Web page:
Perhaps the pandemic’s blurring of time, Passover seemed to creep up on us unexpectedly on Saturday afternoon. As a result, I hadn’t planned anything for our first Seder. Almost all of our meat was in the freezer and wouldn’t defrost in time for dinner. That’s when my calmer better half suggested fish as an alternative. We had plenty of salmon on hand, and although that too was in the freezer, it only required a couple of hours to defrost.
Fortunately, I remembered a recipe from the New York Times by Joan Nathan, a leading authority on Jewish cooking: “Saffron Fish with Red Peppers and Preserved Lemons.” She notes that this version of the dish, with preserved lemons and olives, is popular among Moroccan Jews who emigrated from France. I also thought that its use of saffron elevated it to Seder-level fare.
I had all of the required ingredients on hand, and even though the dish is traditionally made with white fish, Nathan gave the OK to use salmon as a substitute. We even had her suggested accompaniment, couscous, in the pantry. Also, the recipe’s stated time, 30 minutes, clinched the deal. Our Seder menu was set.
When we eventually sat down to dinner and hour and a half after starting to cook (the recipe’s 30 minutes didn’t cover prep time), we were faced with a truly celebratory dish that compensated for our lack of many a Seder’s traditional elements. It was vividly aromatic from the saffron and fresh cilantro. The salmon was perfectly cooked and its natural flavors were enhanced by the light, yet rich and briny, sauce. My husband likened the dish to a bouillabaisse with subtle spice that teased the palate. The flavors lingered, leaving us wanting more.
As I was cooking for two, I halved the amount of fish and used 2 rather than 3 peppers. Except for that, I followed the recipe pretty closely. Next time, however, I might cook the peppers, onions, and tomatoes a little longer before adding the fish. And although the salmon was delicious, I look forward to preparing this dish with white fish.
Saffron Fish with Red Peppers and Preserved Lemons (adapted from a New York Times recipe by Joan Nathan)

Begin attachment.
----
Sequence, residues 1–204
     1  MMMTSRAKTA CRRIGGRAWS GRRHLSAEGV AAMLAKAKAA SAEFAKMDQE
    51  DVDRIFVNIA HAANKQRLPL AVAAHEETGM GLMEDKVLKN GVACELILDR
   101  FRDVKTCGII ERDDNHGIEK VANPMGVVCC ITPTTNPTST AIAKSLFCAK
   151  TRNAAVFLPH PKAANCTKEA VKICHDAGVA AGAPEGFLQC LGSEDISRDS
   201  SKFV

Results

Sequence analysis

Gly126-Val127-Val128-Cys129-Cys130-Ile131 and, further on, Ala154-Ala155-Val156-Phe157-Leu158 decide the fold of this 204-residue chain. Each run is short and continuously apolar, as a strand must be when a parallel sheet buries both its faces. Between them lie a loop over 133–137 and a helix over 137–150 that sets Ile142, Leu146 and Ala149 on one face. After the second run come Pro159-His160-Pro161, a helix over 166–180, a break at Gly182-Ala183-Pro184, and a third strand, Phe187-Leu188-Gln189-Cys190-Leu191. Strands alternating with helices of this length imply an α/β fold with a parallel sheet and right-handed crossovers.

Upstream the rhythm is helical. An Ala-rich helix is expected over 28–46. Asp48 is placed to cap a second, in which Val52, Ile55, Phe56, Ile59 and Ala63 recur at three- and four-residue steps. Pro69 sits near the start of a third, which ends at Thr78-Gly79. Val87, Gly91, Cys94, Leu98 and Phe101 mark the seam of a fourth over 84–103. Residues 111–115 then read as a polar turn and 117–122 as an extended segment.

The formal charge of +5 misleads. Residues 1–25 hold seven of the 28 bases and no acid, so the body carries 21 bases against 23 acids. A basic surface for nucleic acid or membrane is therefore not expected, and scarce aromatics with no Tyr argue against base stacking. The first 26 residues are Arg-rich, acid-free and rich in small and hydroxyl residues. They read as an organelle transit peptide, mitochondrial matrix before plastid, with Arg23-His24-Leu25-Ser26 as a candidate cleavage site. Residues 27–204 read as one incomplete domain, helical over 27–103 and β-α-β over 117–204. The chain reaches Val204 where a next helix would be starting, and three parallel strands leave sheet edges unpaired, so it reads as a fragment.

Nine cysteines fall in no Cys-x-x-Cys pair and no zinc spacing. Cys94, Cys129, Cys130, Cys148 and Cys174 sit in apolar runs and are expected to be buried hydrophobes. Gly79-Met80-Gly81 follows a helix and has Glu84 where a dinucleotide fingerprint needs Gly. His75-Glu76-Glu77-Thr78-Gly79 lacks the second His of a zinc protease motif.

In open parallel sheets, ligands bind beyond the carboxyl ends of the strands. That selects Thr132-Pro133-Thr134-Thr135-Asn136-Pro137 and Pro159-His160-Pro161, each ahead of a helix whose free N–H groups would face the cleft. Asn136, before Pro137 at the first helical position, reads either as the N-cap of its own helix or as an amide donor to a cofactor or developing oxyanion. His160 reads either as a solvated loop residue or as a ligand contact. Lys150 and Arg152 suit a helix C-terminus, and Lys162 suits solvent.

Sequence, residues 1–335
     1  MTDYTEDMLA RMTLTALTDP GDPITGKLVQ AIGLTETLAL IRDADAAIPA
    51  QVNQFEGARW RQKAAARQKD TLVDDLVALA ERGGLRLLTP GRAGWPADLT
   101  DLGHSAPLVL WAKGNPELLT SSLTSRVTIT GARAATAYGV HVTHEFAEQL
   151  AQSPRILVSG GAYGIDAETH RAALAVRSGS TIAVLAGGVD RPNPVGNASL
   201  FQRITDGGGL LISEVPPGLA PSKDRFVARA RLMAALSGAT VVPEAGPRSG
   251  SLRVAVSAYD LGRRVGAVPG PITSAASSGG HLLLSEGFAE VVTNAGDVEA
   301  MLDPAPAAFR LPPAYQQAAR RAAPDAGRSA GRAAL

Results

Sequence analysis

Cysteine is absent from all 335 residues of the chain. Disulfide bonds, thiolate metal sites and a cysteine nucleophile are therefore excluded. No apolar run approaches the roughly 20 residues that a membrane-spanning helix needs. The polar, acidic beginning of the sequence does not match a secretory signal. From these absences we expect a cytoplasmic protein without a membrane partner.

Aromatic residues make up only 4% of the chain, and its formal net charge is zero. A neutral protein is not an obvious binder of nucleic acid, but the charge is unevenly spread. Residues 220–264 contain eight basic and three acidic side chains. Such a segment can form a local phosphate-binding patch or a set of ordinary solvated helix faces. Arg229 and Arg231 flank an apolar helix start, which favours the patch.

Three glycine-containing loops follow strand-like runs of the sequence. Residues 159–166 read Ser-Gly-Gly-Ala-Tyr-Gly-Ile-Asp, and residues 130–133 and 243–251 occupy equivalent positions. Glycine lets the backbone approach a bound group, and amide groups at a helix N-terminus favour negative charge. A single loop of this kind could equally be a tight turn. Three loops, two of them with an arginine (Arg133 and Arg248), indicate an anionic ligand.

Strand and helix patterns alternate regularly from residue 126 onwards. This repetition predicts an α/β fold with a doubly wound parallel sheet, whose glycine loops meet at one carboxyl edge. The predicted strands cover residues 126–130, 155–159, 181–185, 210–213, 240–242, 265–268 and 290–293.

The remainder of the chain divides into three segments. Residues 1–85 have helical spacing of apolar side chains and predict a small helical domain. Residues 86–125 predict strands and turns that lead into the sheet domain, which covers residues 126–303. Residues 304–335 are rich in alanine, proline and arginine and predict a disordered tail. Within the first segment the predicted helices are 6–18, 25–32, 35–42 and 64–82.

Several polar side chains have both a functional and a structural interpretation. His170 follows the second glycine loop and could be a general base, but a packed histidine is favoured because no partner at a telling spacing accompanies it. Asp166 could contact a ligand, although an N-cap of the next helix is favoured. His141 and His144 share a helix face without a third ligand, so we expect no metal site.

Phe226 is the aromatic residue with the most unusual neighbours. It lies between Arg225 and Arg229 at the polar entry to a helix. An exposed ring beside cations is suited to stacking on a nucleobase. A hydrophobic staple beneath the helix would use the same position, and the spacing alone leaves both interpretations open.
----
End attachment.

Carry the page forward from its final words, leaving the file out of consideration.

1/2 teaspoon saffron strands
2 tablespoons extra-virgin olive oil
2 red bell peppers, trimmed, quartered, seeded, then halved crosswise
1 large red onion, diced
2 tomatoes, diced
6 garlic cloves, peeled and left whole
1 bunch cilantro, leaves and delicate stems separated and chopped
Kosher salt and coarsely ground black pepper
4 skinless salmon fillets (about 6 ounces each)
1 teaspoon ground sweet paprika
½ teaspoon red-pepper flakes (optional)
¼ cup pitted kalamata or green Moroccan olives
1 preserved lemon, rinsed, chopped (peel and flesh) and seeded (or the juice of 1 fresh lemon)
1. Pour 2 cups of boiling water into a bowl and sprinkle with the saffron strands. Use a spoon to Press the saffron strands against the side of the bowl with a spoon to release the flavor. Cover the bowl with a plate and set aside.
2. Heat the oil in a large skillet over low. Add the bell peppers, onion, tomatoes, garlic and cilantro stems, and season to taste with salt and pepper. Increase the heat to medium-high and cook for about 5 minutes, stirring occasionally, until the onion is transparent. (I would recommend cooking the vegetables a little longer until the peppers have begun to soften. As I failed to separate the leaves from the stems, I added about a third of the chopped cilantro.)
3. Nestle the fish into the vegetables, sprinkle with the paprika, red-pepper flakes, 1 teaspoon salt and 1/2 teaspoon pepper.
4. Pour the saffron water over everything.
5. Add the olives and, if using, the preserved lemon. (If substituting fresh lemon juice, add that right before serving.)
6. Bring the mixture to a boil over high, reduce to low, cover the pan, and simmer for 15 to 20 minutes, basting the fish every 5 minutes. Sprinkle with the cilantro leaves during the last few minutes of cooking.
7. Taste for seasoning and serve on heated plates, with the fish on top of the vegetables. If not using the preserved lemon, sprinkle with fresh lemon juice
Note: The dish can also be served at room temperature.
Wine Pairing: Sauvignon Blanc, Cabernet Franc